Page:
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It Comes At Night Honest Review
The first trailer for It Comes At Night dropped on February 8th, 2017.
It was undeniable the film was going to be an outstanding psychological-thriller. It even came across as potentially being the best film of the year. I really looked forward to seeing it because Joel Edgerton was one of the lead actors in the movie. If you can remember he also starred in 2015's, The Gift. It was greatly successful and I was highly impressed by his performance in the movie. Because of this, I assumed his upcoming film would be nothing short of greatness, but soon I learned I was terribly wrong.
It Comes At Night was absolutely dreadful to watch.The movie's reviews were misleading and utterly false. You went in believing it was going to be a high paced, survival/horror film, but instead the movie was slow, boring, and made no sense. Many “professional” movie critics appraised the movie of near-perfect, star rating. The truth is, a percentage of their five million dollar budget was used to buy overly exaggerated reviews from movie critics. As an avid watcher of movies, reviews and ratings greatly influence whether I watch a film or not, so to see these types of thing happening are truly irritating.
That's I'm here with an honest review of It Comes At Night.
The movie began and introduced us to an old, sick man named Bud(grandfather). His skin looked fragile and gray. It looked like you tear it off with your fingers. If he wasn’t a living corpse, then I had no idea what he was. The scene gave me the impression that the movie would be centered around zombies.
We then were introduced to more characters. Paul the father, Sarah the mother, and Travis their teen son. The stereotypical roles of the strict, hard-looking Dad, the overly empathetic Mom, and the horny teenager who can't think for himself. Which you'll see a lot of this later on in the story. Sarah talked to her ill father and coaxed him into wearing a gas mask. After, Paul and Travis wheeled Bud into the forest. Moments after, Travis held a pillow over his grandfather's face and Paul shot him dead. They dumped his body in a hole and lit him up like a christmas tree.
That was the beginning. It wasn’t compelling or creative and it was like the movie started too late in the story. Origins weren't discussed. It was like the screenwriter expected us to know those answers ourselves, but I didn't have a clue. That was their first mistake. Their second mistake was progressing past this scene without explaining what was going on and why the man was ill. For the entire movie, these small holes in the plot grow bigger and bigger until it seems like the screenwriter only half wrote the story.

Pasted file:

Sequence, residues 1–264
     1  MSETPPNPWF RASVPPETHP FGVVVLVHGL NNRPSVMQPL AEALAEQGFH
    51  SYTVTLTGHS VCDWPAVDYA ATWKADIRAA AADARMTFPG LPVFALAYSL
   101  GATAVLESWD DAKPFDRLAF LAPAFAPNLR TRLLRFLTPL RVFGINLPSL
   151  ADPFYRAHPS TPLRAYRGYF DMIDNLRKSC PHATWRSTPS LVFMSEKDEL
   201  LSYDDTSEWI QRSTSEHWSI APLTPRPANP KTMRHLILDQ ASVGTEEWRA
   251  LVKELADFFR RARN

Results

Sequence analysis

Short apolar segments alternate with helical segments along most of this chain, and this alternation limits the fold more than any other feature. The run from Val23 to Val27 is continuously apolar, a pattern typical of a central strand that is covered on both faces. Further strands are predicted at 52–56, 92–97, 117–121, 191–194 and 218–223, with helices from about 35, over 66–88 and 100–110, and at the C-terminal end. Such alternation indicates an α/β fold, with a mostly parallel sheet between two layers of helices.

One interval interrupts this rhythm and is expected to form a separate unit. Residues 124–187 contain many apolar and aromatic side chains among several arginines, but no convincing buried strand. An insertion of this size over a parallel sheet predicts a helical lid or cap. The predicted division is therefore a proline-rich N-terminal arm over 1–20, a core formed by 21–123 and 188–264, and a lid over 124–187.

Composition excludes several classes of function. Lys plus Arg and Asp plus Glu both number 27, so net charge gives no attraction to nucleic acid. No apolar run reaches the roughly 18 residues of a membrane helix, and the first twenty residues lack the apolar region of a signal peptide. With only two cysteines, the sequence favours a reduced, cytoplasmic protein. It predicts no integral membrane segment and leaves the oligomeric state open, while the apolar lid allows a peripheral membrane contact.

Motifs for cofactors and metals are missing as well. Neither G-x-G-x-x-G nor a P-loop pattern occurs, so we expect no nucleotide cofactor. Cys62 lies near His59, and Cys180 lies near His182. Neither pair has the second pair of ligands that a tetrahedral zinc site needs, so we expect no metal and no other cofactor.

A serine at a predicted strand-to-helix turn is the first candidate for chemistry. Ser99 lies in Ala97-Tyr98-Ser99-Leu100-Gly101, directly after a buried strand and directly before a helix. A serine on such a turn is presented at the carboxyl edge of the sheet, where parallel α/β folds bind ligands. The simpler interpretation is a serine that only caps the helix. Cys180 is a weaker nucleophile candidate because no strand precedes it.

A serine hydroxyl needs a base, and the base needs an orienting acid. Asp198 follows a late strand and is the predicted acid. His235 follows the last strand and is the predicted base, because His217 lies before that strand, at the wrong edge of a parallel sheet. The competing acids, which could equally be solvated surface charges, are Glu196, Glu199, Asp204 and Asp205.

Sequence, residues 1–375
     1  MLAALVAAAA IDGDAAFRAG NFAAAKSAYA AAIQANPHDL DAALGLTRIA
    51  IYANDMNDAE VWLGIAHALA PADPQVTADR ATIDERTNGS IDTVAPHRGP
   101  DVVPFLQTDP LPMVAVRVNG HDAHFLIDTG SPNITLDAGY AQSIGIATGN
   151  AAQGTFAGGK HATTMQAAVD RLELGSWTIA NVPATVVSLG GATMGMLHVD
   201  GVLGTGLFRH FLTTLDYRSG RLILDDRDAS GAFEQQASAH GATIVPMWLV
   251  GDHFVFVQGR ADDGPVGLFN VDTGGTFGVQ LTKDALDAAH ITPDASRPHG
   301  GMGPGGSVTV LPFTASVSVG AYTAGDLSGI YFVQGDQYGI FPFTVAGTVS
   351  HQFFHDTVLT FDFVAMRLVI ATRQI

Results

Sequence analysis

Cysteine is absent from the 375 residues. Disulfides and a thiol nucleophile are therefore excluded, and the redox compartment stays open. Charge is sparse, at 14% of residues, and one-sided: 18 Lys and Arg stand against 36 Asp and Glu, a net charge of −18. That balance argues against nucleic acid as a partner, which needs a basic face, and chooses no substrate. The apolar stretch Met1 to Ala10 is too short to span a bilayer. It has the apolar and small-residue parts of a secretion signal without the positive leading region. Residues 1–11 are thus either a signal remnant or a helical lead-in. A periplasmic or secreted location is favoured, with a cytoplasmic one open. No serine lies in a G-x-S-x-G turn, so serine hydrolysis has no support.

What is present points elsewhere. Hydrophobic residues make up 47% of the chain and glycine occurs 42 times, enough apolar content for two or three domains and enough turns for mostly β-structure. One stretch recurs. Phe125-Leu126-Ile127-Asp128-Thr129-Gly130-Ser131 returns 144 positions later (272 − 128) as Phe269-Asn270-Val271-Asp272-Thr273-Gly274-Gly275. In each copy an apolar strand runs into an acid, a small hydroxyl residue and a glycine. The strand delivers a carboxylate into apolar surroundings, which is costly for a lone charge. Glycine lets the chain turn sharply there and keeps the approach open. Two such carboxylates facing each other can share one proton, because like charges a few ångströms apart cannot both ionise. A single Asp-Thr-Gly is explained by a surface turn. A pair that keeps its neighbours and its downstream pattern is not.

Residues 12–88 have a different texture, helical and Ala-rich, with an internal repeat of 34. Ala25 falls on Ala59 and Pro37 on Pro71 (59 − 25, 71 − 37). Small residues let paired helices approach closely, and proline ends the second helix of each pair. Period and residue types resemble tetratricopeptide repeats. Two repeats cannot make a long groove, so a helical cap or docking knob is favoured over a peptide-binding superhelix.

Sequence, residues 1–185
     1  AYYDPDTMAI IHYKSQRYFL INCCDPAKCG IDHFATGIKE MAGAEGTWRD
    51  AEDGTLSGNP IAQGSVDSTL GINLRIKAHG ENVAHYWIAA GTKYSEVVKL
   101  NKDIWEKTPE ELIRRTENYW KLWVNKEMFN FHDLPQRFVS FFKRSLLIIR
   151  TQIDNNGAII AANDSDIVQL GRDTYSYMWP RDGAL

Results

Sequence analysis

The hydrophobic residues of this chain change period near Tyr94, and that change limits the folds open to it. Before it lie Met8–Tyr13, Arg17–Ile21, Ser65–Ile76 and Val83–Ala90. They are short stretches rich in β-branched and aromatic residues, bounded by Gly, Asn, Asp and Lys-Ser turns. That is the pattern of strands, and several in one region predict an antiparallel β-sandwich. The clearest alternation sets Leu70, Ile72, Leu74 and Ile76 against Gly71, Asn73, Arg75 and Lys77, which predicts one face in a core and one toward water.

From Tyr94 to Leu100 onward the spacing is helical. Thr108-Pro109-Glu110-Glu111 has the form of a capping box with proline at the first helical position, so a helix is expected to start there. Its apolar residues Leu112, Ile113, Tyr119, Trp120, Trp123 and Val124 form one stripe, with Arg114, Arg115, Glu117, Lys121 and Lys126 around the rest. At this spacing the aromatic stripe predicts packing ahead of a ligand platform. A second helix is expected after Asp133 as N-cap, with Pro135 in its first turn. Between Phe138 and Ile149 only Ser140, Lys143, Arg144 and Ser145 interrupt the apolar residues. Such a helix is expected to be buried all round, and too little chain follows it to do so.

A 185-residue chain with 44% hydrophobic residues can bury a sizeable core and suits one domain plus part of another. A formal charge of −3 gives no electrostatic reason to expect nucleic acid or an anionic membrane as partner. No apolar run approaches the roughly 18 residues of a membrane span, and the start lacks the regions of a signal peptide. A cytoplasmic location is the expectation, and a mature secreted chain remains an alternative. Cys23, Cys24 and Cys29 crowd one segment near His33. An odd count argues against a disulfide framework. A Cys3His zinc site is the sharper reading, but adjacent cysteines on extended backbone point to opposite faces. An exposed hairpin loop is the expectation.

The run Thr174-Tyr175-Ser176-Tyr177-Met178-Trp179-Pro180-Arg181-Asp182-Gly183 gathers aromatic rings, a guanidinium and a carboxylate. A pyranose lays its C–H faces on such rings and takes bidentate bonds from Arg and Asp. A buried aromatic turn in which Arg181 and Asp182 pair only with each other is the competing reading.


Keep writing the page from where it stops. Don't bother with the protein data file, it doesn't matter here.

Continuing on, we go through a few insignificant scenes. They didn't pertain in giving the story depth, so they were just time passers. Then, the movie gave us a little action. The family woke up to an intruder breaking into their house. It was a man and he had gun, but Paul had a gun too. He forced the intruder to drop his weapon and lie against the ground. Paul asked the man if there were any others and the man answered no.
Paul expectedly knocked the man unconscious with the butt of his gun.
Paul and his son wheeled the intruder outside, duct-taped him to a tree, and left him there for a day. That’s when I anticipated the horror would begin. I told myself the intruder would be gone by the morning because he was either eaten by a monster or transformed into a zombie. But when morning came, the intruder was in the same condition and spot they left him. No words could fathom how frustrated I was by this.
The scene had potential, but was wasted on the film’s mood of being slow and boring. Paul finally went and talked to the intruder. He bribed the truth out of him with a container of water. The intruder;s name was Will. He only broke into the house because he thought it was empty and he was looking for food and supplies to feed his family. Will also mentioned he hadn’t seen anyone for nearly a hundred miles.